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Every Issue

Cite as: (2003) 77(4) LIJ, p.76

Planning schemes, corporations law judgments, federal government contacts, legal advice for the arts community and weird and wonderful words are all covered in this month’s reviews.

Planning schemes, corporations law judgments, federal government contacts, legal advice for the arts community and weird and wonderful words are all covered in this month’s reviews.

Planning Schemes Online

http://www.doi.vic.gov.au/planningschemes

Victorian Planning Schemes Online provides access to the approved planning schemes for 78 local government and three special planning areas. You will need Adobe Acrobat Reader to view much of the information. From the initial page click on Planning Schemes Online, then (after reading the disclaimer) the Quick Start button. Select a rural or metropolitan municipality from the drop down menus. Once in the planning scheme the page is divided in two: the left-hand side takes you to maps showing zones and overlays, the right-hand side to the ordinance files (planning scheme text). Access a list of amendments from the right-hand side of the screen. If you click on the link (or map) on the left-hand side, two separate pages will open – one the index map, the other the legend. This site is complex and somewhat confusing, but we should be grateful that it exists.


Victorian Planning Provisions

http://www.doi.vic.gov.au/planningschemes

If you are not interested in a particular planning scheme but instead require general information or standard planning provisions, you should refer to the Victorian Planning Provisions (VPP). A link to the VPP is provided in the left-hand side menu of the Planning Schemes Online homepage. From the VPP homepage, launch the current VPP (read the disclaimer), then click on Start/Accept. Use the drop down menus to find out about zone and overlay requirements etc. Provisions are presented as Acrobat Portable Document Format (PDF) files so you will need Adobe Acrobat Reader to view them. A list of amendments is provided. You may also wish to take a look at the Planning Practice Note series, which provides practical advice about specific aspects of the Victorian planning system.


Corporate Law Judgments

http://cclsr.law.unimelb.edu.au/judgments/index.html

This database is a great alternative to AustLII for locating corporations law decisions. It has a flexible search screen where you can search on date, judge, court, case name, keywords or phrase – read the search tips for more effective results. The results are displayed with an abstract to help you decide their relevance to your query. The judgments include catchwords as well as a list of the cases cited. While a date could not be found for the most recent decision, searching on cases added in on the day of writing this review returned five hits, all decided in late 2002. Maintained by the Centre for Corporate Law and Securities Regulation at the University of Melbourne, this site was established in 1999 with the support of the Federal Court and state Supreme Courts.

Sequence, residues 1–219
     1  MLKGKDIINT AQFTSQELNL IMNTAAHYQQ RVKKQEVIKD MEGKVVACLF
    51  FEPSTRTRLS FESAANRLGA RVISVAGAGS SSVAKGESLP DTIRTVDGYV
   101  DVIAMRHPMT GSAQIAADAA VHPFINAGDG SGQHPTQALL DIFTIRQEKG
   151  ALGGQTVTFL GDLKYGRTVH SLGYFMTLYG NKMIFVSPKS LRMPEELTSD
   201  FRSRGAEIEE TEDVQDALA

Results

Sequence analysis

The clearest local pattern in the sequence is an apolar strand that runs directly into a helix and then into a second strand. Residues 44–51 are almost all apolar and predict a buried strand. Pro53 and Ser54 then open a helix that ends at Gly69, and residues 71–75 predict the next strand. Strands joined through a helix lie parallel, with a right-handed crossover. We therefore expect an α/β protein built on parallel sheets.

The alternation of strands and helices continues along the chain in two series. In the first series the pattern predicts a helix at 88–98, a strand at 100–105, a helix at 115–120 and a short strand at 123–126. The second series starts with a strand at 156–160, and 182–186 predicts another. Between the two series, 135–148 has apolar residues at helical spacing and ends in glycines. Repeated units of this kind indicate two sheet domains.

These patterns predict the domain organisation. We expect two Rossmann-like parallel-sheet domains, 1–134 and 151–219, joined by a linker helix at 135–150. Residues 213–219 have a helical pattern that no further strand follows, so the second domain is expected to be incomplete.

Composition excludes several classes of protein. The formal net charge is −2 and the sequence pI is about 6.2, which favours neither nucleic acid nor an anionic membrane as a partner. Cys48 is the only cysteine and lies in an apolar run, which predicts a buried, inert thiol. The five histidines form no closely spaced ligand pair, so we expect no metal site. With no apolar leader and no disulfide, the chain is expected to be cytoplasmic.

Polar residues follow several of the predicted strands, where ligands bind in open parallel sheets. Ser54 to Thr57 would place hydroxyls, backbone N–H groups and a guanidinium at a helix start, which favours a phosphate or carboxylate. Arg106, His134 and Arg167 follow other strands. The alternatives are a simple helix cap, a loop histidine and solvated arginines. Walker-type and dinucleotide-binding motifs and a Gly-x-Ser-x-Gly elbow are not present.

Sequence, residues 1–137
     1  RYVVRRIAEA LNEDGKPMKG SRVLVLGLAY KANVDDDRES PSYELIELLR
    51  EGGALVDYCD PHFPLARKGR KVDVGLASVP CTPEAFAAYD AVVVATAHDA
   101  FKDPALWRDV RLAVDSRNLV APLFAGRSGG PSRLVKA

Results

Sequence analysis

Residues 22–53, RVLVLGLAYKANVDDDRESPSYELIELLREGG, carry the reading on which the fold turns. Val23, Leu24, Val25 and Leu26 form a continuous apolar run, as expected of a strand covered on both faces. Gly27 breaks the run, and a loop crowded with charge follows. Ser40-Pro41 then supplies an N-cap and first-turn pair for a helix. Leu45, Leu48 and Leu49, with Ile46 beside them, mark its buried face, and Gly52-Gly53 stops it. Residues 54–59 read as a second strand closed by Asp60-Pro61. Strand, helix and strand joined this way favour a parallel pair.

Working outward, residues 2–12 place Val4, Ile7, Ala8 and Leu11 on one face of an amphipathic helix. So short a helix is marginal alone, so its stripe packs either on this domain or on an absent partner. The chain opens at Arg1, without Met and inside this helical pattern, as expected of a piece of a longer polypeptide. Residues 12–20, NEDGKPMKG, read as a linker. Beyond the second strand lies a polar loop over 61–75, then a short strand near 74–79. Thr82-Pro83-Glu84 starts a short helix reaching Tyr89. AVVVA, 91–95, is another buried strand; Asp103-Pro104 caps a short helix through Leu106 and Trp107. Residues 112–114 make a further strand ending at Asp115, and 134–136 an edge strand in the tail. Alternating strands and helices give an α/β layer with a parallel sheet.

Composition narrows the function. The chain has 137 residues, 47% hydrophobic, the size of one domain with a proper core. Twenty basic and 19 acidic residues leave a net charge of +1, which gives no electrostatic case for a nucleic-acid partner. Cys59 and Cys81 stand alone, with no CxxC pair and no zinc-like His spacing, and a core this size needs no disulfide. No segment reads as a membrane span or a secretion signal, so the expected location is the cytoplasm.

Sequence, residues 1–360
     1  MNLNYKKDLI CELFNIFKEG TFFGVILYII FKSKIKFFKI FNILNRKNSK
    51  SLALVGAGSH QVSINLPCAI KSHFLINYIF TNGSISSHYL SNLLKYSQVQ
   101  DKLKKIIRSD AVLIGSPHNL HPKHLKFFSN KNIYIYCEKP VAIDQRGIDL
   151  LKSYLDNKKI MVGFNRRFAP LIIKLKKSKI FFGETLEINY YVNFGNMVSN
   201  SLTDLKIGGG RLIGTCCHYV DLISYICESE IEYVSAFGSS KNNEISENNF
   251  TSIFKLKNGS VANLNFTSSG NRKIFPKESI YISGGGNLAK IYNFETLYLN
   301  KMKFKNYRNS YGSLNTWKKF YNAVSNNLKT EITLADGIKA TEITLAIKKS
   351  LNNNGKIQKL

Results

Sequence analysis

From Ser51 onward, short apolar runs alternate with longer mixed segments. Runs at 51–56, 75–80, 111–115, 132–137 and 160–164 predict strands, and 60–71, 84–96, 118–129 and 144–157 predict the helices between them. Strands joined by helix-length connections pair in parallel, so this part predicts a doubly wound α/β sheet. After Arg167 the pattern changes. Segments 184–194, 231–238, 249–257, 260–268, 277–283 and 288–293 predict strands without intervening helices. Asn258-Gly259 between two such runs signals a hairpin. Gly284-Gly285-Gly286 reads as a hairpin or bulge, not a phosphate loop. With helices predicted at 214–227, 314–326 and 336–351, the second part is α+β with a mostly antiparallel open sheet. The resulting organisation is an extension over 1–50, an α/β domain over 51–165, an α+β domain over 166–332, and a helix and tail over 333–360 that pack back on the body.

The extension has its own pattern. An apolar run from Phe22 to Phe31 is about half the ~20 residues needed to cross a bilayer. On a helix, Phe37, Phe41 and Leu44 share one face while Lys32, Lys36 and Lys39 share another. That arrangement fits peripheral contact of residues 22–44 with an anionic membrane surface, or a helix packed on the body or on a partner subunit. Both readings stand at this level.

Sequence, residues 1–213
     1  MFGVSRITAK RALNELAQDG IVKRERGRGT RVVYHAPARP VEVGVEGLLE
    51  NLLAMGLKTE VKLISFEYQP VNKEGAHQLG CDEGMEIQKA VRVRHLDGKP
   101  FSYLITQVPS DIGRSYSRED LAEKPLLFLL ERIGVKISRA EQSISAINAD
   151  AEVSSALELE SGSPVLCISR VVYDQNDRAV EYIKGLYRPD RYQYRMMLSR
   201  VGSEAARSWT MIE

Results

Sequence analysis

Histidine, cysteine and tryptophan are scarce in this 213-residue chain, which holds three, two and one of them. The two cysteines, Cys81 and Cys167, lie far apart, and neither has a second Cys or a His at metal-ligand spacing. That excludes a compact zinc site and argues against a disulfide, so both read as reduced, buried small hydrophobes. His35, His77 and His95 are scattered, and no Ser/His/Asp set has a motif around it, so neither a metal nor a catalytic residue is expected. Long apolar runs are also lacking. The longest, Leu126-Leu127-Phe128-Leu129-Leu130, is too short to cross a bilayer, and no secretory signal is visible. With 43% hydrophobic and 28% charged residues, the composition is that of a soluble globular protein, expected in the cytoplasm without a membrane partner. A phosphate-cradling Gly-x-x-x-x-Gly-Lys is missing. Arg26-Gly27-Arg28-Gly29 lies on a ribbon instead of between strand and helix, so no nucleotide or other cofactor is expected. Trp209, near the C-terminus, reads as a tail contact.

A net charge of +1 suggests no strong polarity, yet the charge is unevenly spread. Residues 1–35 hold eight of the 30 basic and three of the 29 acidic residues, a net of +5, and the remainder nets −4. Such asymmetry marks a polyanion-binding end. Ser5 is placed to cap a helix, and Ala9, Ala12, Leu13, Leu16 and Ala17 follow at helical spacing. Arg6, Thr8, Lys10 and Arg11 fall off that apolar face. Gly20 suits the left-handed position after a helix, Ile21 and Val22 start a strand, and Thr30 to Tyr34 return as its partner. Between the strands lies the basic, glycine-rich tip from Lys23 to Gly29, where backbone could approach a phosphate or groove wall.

Note: There are only selected decisions before 1999.


Commonwealth Government Online Directory

http://www.gold.gov.au

As the title suggests, this site supplies the direct contact details for all levels of the federal government. Enter the names of individuals into the search field to find their contact phone number, department and full title of their position. An advanced search provides more options. Browsing by department you can access basic details including web addresses, a list of other portfolio bodies with links to their websites, and a very useful list of the legislation administered by that department. Conversely, to find which department administers a specific Act, enter the name of the Act in the search field and choose “Function” from the drop down menu. The Courts and Judges link provides contact details for all Federal Courts, judges and registries. A good starting point for navigating the maze of federal government information.


The Arts Law Centre of Australia

http://www.artslaw.com.au

Funded by the Australia Council, the Arts Law Centre is a non-profit organisation which offers legal advice to the arts community. This site provides online legal advice in the form of free information sheets and articles. The information sheets cover topics such as trade marks, introduction to contracts, copyright, small claims and superannuation. There are articles on each of the subjects listed on the left-hand side of the home page: moral rights, film, music, performing arts, writing and tax issues – all the articles are dated. There are also numerous sample contracts for sale at a reasonable price. Click on the publications order form to view a full list of precedents.


World Wide Words: International English from a British point of view

http://www.worldwidewords.org

Are you a logophile (lover of words)? Do you know what floccinaucinihilipilification means? Would you like to? World Wide Words features unusual words, including many that resist pronunciation. The turn of phrase section lists new words destined for inclusion in English dictionaries. The articles cover an eclectic range of topics, from “Citing Online Sources: Advice on online citations formats” to “Beam me up, Scotty!: The linguistic legacy of Star Trek”. The target audience would appear not to be octogenarians. Visit the links page to locate sites on good and bad English, etymology, rhetoric, phonetics and linguistics, as well as less common resources such as Maledicta, a discussion of multilingual insults (and obscenities) and Mondegreen, on the creative mishearing of lyrics.


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